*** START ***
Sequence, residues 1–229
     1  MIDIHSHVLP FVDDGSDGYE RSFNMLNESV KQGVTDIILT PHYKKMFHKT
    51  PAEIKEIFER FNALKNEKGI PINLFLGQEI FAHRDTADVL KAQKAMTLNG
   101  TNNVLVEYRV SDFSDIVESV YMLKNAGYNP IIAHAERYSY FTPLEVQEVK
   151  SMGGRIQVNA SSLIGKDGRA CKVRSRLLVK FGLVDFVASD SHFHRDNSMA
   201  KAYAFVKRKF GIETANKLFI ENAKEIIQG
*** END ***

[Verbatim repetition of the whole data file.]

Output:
Sequence, residues 1–229
     1  MIDIHSHVLP FVDDGSDGYE RSFNMLNESV KQGVTDIILT PHYKKMFHKT
    51  PAEIKEIFER FNALKNEKGI PINLFLGQEI FAHRDTADVL KAQKAMTLNG
   101  TNNVLVEYRV SDFSDIVESV YMLKNAGYNP IIAHAERYSY FTPLEVQEVK
   151  SMGGRIQVNA SSLIGKDGRA CKVRSRLLVK FGLVDFVASD SHFHRDNSMA
   201  KAYAFVKRKF GIETANKLFI ENAKEIIQG